Jeanne's sustained winds grew to 80 mph as it walloped Puerto Rico, a U.S. territory that is home to about 4 million people, and the Dominican Republic.

Residents on the north coast of Haiti, the poor nation of 8 million that shares the island of Hispaniola with the Dominican Republic, were warned to expect tropical storm conditions. Haiti has been largely deforested and is vulnerable to deadly flash floods and mudslides.

The southeastern Bahamas and the Turks and Caicos, a British colony, were also under storm alerts.

At 8 a.m. EDT, the center of the storm was over the eastern tip of the Dominican Republic at latitude 18.7 north and longitude 68.4 west, the U.S. National Hurricane Center said.

It was moving due west at about 9 mph and was expected to turn slightly, toward the west-northwest, in the next 24 hours, forecasters said.

Forecasters said the Dominican Republic, where nearly 9 million people live, could expect up to 13 inches of rain that could trigger floods and mudslides.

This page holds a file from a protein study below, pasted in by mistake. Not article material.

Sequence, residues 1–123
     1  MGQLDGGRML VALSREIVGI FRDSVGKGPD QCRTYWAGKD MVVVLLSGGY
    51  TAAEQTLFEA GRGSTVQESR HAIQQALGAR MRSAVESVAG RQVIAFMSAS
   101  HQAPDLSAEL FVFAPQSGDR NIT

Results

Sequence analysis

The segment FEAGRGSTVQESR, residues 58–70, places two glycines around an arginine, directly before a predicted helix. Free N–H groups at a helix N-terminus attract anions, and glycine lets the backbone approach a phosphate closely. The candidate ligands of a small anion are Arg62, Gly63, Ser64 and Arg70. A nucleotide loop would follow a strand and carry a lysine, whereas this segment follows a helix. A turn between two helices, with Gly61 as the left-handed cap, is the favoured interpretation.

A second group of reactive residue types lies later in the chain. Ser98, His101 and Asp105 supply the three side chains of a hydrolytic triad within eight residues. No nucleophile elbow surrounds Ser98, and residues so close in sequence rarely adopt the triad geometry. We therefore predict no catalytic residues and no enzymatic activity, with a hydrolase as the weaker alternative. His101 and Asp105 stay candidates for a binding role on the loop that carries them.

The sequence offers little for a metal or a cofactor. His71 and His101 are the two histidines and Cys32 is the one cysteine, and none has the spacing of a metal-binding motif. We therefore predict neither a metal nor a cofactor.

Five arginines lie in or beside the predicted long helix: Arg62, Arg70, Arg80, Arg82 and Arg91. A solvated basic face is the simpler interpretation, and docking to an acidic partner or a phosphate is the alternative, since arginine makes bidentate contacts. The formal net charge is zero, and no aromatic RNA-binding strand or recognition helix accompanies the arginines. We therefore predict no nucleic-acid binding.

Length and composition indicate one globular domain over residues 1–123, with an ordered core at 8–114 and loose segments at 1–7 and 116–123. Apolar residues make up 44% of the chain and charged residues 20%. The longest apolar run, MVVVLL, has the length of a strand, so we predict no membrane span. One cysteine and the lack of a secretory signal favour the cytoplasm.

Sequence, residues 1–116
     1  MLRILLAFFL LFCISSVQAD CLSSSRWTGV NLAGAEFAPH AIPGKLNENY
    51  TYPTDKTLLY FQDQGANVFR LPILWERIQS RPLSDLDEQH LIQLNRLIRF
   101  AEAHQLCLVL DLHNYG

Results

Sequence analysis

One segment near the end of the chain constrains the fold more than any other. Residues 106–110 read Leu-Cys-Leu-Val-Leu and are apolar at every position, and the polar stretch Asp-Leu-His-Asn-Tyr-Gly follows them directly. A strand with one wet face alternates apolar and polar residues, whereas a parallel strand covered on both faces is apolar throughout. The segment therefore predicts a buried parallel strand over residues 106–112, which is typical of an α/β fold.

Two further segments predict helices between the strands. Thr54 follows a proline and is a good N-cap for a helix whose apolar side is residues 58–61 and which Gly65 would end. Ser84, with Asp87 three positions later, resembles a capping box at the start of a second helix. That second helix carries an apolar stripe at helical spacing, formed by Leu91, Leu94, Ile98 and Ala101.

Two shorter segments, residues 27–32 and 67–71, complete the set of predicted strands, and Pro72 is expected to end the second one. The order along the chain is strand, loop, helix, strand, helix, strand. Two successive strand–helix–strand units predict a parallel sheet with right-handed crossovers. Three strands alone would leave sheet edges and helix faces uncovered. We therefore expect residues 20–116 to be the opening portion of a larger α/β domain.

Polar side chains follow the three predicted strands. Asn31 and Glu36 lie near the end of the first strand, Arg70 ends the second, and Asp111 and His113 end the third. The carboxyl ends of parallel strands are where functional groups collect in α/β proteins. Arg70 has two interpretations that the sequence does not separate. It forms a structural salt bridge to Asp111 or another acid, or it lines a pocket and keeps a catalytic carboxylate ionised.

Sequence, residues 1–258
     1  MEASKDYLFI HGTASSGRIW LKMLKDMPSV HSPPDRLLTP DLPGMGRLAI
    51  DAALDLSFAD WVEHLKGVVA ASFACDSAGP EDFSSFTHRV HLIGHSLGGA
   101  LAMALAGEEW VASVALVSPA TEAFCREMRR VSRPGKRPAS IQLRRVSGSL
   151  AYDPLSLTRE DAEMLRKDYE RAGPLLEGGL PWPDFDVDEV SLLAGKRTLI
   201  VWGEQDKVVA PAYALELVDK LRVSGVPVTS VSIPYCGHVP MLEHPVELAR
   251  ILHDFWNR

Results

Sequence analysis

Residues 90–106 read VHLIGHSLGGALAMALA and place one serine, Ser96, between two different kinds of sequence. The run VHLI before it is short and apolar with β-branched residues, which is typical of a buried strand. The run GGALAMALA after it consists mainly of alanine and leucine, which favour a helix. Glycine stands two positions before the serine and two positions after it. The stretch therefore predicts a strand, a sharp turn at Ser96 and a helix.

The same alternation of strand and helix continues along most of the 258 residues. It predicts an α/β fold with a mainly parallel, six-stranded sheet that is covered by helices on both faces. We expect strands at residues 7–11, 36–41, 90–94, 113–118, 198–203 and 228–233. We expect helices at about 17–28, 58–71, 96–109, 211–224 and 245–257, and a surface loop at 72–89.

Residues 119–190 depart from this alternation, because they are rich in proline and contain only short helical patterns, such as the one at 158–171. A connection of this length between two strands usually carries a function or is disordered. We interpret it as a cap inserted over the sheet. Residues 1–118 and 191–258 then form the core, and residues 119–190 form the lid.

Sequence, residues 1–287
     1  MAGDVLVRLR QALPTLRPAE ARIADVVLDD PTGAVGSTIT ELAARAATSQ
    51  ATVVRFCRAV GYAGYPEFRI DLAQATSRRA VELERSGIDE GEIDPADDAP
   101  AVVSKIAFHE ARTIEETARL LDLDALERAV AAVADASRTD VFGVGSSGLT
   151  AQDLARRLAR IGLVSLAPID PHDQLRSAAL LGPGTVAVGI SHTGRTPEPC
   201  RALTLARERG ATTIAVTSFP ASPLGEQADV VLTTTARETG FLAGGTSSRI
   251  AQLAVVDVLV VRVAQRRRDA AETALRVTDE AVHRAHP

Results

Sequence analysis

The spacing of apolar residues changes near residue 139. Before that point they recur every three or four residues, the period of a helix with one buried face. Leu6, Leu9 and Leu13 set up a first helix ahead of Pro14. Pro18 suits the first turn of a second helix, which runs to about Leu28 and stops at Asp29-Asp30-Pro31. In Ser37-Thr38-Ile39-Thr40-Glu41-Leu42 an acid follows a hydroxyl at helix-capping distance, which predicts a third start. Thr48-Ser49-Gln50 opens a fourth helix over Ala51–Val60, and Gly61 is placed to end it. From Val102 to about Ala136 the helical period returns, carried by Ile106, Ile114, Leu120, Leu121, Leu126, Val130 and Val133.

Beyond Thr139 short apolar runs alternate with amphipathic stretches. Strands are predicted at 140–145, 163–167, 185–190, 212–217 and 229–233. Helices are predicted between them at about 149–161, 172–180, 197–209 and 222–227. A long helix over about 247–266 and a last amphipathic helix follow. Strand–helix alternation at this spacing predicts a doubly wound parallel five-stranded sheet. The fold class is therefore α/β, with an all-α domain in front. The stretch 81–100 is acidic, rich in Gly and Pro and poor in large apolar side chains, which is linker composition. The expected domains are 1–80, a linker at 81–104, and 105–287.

The soggy system, which struck Puerto Rico as a tropical storm, dumped more than a foot of rain on the island and sent many rivers to flood levels.

Jeanne was the 10th tropical storm of the busy Atlantic hurricane season and became the sixth to turn into a hurricane. The average season, which runs from June 1 to Nov. 30, has about 10 tropical storms.

Jeanne became a hurricane as Ivan pounded the U.S. Gulf Coast after slamming ashore in Alabama with winds of 130 mph. Ivan has killed at least 70 people.

Reuters
Posted by:Sep 16th 2004, 12:02:38 pm
chapel11 AM AST THU SEP 16 2004

...HURRICANE WARNING ISSUED FOR SOUTHEASTERN BAHAMAS AS JEANNE
SCRAPES THE NORTHERN COAST OF THE DOMINICAN REPUBLIC...

AT 11 AM AST...1500Z...THE GOVERNMENT OF THE BAHAMAS HAS ISSUED A
HURRICANE WARNING FOR THE SOUTHEASTERN BAHAMAS...INCLUDING THE
ACKLINS...CROOKED ISLAND...THE INAGUAS...MAYAGUANA...AND THE RAGGED